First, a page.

At English for Action we are committed to taking action to make the world a fairer, more equal place. This starts in the classroom, where we challenge hierarchy, discuss the burning issues of the day, develop critical analysis skills and learn the language that will enable our participants to effect change. We also take action outside the classroom, collectively and as individuals, to make positive changes to the world around us. Here are some examples of recent action:

Community Languages

Why is it that when a child in Kensington and Chelsea speaks French and English it is a wonderful thing and when a child in Newham speaks Somali and English it is seen as a handicap? Many of our participants' children are bilingual and we need to celebrate this. Our community languages are a resource, not a hindrance. In Surrey Square we took action to celebrate our linguistic diversity. We organised a "teach-out" during the school's identity week. Parents organised themselves into pairs and went into a the classrooms in the school to teach their languages. On the syllabus: Pashtu, Bengali, Albanian, French, Vietnamese, Arabic, Somali, Spanish and Amharic. They did a fabulous job, made their children proud and made a strong case for teaching community languages at the school. A school needs to look and sound like the community it represents. Let's get community languages higher up the pecking order!

Integration and Racism

In May 2013 English for Action published its report into integration called "Whose Integration?" The report looked at what integration means to our students. What does it mean practically? What are the barriers? What helps? We discovered that integration makes much more sense locally, where people want to fit it, than nationally, where the notion becomes abstract and contested. Just days before we finished the report the Woolwich killing made our work all the more pressing. There was a surge in support for the EDL and a sharp rise in racist attacks. Our students, many of whom are Muslims, want to challenge this increase in racism and Islamaphobia. Teachers and students have discussed the issues in classes, signed a petition against the EDL and attended anti-fascist marches and rallies.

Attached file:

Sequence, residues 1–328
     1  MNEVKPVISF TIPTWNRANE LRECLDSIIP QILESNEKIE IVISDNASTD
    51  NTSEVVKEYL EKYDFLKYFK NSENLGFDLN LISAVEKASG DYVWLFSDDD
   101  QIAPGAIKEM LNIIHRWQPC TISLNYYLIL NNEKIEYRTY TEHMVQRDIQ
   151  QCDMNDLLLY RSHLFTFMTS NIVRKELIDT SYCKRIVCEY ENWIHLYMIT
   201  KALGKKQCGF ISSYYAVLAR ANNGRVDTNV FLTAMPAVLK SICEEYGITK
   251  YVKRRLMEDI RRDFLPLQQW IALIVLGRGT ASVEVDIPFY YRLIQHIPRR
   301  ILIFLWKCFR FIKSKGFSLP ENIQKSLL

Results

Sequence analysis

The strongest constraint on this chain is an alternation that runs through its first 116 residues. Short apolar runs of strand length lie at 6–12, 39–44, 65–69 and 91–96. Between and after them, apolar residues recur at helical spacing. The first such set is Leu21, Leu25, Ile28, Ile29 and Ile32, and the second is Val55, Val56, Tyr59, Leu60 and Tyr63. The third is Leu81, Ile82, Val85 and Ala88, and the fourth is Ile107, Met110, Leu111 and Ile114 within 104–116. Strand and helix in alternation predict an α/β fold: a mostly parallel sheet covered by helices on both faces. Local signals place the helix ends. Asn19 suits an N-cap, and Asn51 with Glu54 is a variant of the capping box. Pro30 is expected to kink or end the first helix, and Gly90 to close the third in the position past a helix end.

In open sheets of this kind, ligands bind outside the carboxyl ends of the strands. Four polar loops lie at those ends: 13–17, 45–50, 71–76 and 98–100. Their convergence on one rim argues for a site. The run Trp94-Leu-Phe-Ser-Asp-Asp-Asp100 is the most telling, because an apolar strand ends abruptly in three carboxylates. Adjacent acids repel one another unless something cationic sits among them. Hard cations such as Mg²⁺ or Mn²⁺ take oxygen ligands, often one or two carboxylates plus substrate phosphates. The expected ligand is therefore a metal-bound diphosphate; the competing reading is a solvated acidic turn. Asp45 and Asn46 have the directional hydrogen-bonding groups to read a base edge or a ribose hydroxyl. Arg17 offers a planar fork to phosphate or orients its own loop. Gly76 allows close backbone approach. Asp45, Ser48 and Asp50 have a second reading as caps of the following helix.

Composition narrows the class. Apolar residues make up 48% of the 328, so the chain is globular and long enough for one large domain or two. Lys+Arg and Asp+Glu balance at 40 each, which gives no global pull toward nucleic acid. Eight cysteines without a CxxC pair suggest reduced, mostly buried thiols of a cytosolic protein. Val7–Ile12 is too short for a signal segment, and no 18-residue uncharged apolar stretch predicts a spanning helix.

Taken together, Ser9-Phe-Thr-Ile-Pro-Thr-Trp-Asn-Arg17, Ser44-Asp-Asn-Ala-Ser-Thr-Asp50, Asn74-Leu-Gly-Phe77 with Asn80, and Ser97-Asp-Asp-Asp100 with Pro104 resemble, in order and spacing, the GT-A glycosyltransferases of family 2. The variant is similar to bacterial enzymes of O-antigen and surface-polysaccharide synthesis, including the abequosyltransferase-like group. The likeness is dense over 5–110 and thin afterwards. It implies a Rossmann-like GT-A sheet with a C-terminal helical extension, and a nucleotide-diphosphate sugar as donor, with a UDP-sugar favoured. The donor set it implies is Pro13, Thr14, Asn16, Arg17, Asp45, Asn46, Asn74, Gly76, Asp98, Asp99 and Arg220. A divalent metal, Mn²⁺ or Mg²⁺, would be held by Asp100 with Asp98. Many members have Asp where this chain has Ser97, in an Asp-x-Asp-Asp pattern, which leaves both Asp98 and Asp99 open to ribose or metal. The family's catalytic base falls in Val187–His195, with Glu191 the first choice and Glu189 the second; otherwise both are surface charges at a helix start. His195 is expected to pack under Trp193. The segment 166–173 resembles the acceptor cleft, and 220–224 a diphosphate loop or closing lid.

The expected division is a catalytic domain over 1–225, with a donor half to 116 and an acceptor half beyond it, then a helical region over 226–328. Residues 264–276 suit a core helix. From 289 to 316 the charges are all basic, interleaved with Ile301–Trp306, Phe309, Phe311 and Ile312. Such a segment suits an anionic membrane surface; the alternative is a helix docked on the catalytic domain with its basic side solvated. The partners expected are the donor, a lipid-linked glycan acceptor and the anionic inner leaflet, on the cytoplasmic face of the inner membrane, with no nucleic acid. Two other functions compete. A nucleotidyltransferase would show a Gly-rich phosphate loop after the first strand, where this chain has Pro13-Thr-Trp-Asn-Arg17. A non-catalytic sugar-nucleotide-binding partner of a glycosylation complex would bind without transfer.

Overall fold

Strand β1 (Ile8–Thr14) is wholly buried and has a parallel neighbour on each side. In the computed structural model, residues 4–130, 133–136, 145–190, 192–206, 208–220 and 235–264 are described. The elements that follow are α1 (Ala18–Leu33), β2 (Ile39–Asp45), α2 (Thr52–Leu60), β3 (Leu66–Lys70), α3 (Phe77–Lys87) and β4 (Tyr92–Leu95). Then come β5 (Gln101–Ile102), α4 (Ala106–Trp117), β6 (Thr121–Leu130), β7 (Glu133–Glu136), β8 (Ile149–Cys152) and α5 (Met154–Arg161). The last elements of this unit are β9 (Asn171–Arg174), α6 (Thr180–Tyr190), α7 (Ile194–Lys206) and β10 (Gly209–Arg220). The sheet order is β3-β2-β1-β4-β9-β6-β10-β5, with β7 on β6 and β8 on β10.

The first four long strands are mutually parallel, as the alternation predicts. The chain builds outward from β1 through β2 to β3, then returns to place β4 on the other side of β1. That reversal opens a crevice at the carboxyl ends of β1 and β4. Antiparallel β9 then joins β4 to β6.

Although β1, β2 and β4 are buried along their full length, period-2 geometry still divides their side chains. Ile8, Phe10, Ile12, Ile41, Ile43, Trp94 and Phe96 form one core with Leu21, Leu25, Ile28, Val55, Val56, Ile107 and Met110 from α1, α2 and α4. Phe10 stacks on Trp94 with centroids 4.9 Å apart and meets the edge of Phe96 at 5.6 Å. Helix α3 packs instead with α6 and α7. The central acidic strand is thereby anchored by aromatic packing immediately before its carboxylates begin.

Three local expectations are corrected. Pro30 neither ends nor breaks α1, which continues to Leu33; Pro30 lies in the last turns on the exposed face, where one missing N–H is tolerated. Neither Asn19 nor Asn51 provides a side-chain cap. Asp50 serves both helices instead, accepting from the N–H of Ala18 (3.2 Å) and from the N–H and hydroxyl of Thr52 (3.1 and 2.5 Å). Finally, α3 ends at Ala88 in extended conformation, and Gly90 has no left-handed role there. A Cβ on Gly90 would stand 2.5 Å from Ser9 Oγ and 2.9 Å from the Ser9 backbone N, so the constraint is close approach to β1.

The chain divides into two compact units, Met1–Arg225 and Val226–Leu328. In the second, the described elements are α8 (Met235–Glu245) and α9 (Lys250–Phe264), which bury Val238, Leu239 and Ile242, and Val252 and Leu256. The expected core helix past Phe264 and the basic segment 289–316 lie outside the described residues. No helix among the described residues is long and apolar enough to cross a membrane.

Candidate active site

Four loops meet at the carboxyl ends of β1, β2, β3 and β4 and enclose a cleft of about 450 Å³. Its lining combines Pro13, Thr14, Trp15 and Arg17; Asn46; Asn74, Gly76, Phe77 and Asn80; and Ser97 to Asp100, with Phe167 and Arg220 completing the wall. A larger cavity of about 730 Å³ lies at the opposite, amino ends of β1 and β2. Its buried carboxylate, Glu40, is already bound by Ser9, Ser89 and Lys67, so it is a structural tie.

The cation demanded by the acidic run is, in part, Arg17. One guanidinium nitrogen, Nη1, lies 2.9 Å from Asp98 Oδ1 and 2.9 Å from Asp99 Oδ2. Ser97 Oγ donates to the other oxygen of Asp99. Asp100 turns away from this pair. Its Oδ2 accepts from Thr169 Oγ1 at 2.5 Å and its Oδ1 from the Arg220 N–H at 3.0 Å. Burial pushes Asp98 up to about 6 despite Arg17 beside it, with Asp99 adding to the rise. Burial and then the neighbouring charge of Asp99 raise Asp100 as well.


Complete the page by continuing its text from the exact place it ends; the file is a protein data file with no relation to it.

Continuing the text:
Immigration Legal Advice

In November 2012, 12 students from the Camberwell Islamic Centre attended a the national Disaspora assembly. English for Action was one of over 100 churches, mosques, charities and ethnic groups represented at the assembly. Among other things, we voted to launch the New Citizens Legal Advice Service. The service aims to provide good quality, affordable, immigration legal advice. The cut in legal aid for immigration advice has seen a proliferation of cowboy solicitors exploiting people's desperation. English for Action have already sent three people for an initial, free consultation. We are setting up free workshops in the communities in which we work, so that our participants can make informed decisions about their future.